I am starting a new project.  I am willing to step Way out of my comfort zone in order to help others out there realize that we are not failures if we don't cook everything from scratch, feed our families strictly organic foods, sew our kid's clothes, make elaborate costumes, or sell pies or crocheted/knitted/hand-made goods in order to bring in extra income.  We are human.  Another phrase I've heard that I can totally relate to: "Comparison is the thief of happiness."

  My project is simple, I will take pictures of my kitchen (one of the hardest places for me to keep clean...even though I feel like I spend half of my day in it--shouldn't it be easier to keep nice?!) every day and post them on here.
  Some days it will look fantastic!  Other days (ok, who am I kidding?--most days) it will not be pretty.
  Again, I want those of us who try our hardest every day to meet the demands of our families, but who still at the end of the day, have something big that was left undone (whether it's laundry, vacuuming, or some other "mommy" job) to realize that we are still amazing.  We are not failures.

  So, here goes.  Picture #1:


Monday, January 20, 2014

One Amazing Kid

  So today something amazing happened.
  A woke up in a fantastic mood!  She voluntarily got dressed before she ate breakfast.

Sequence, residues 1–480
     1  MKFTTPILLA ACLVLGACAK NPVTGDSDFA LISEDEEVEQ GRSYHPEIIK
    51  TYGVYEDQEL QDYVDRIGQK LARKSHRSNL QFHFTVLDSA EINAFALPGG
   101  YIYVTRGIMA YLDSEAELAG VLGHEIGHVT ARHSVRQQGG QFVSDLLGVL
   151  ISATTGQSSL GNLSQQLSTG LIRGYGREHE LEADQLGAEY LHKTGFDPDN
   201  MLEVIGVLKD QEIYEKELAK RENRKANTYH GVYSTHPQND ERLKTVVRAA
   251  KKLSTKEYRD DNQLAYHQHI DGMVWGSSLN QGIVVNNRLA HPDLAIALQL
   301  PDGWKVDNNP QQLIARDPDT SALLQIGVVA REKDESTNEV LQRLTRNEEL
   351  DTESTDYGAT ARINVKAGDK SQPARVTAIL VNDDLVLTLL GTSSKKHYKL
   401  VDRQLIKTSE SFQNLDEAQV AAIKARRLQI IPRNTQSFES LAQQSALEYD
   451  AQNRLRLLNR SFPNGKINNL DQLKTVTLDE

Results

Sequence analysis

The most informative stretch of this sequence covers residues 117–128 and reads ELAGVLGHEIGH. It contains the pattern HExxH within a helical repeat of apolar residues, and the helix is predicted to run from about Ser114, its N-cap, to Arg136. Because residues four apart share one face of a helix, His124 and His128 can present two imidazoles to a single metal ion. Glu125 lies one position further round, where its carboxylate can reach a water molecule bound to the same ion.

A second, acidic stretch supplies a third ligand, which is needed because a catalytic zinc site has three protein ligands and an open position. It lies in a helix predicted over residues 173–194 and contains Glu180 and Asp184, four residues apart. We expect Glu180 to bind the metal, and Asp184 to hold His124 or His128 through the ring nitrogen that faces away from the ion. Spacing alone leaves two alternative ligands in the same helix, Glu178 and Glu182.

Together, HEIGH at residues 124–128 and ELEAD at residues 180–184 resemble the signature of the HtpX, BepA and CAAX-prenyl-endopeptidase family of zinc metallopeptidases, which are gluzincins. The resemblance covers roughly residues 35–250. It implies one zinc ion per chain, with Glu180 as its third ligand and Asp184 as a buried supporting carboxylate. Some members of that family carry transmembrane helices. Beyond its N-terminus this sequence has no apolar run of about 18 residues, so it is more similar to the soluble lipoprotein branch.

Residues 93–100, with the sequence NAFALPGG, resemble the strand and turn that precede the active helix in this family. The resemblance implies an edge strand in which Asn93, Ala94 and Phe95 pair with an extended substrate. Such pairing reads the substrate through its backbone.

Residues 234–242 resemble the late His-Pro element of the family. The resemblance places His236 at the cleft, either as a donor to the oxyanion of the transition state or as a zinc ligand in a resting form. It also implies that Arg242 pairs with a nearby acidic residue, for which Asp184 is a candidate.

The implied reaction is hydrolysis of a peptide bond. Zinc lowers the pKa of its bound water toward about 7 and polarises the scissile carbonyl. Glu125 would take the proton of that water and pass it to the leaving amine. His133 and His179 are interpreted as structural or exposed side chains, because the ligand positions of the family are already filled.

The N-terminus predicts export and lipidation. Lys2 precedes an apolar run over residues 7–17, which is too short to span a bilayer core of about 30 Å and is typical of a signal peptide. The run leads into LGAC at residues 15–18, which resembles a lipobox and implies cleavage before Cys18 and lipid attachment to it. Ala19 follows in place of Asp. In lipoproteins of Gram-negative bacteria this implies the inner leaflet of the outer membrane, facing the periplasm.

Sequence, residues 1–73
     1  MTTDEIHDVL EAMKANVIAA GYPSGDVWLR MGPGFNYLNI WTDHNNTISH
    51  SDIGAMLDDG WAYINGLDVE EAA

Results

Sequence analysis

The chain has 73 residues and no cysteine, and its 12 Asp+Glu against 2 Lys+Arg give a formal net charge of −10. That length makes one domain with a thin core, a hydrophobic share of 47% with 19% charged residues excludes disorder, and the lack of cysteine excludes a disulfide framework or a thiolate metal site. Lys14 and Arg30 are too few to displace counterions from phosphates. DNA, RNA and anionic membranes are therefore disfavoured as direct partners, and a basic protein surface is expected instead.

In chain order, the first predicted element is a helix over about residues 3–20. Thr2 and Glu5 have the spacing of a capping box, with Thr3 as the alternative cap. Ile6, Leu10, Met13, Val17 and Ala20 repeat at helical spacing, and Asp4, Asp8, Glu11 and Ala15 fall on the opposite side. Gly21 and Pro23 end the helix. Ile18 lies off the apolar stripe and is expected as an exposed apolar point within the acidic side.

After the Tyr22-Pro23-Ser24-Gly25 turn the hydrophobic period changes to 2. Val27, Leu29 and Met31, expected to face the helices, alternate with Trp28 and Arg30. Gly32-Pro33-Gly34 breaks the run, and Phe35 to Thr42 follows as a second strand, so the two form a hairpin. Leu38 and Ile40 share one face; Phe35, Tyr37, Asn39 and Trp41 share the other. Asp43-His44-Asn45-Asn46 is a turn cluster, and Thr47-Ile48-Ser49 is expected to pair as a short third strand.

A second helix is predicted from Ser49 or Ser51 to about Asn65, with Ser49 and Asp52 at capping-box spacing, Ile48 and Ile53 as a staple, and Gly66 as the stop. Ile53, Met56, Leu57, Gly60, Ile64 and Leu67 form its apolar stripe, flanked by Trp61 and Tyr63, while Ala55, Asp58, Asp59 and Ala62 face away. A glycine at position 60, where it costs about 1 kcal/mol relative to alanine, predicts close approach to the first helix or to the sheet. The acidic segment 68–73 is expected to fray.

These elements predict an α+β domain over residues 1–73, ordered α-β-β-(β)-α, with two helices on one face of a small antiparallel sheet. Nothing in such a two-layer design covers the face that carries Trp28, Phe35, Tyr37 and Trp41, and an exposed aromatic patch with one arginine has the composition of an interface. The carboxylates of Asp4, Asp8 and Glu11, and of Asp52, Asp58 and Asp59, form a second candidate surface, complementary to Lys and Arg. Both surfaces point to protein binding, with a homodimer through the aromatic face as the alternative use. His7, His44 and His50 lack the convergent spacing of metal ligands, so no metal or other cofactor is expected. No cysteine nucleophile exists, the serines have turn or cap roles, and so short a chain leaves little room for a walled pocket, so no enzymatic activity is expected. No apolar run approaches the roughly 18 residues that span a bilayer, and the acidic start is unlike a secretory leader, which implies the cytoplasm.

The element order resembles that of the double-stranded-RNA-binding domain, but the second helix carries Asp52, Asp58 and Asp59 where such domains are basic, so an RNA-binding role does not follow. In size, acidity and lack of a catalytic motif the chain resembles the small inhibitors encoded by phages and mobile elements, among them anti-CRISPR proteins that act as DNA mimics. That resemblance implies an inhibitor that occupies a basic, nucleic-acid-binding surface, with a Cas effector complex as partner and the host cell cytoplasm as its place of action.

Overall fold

She voluntarily, and cheerfully, wiped down the table without being asked.
  She opened up the pantry and came up with her own breakfast choices.

  Then later, the kids and I were walking into the garage to put toys away.  A was riding a cute little toy and accidentally ran over my ankle.
  It hurt badly enough that I yelped and took a moment to mourn the loss of a patch of skin.
  A apologized, and then an amazing thing happened.  She carried on about her business.
  A, the kid who, two days ago, would have glued herself to me and apologized incessantly.
  She apologized once. Once.

  I was torn between throwing a small pity party for myself, thinking "where are all my apologies?" and being amazed at my self confident little girl!
  Being the wonderful, supportive parent I am, I threw a 2 second pity party.  Then I rejoiced over the changes in my beautiful kid!

  Then again, at dinner, I was recapping my day for The Hubby, and when I mentioned the heel incident A said "it was an accident"...then she moved on.  No downward gaze.  No running over to me and grabbing my arm desperately.  No repeated apologies.

  Yay!  What a big step in the right direction!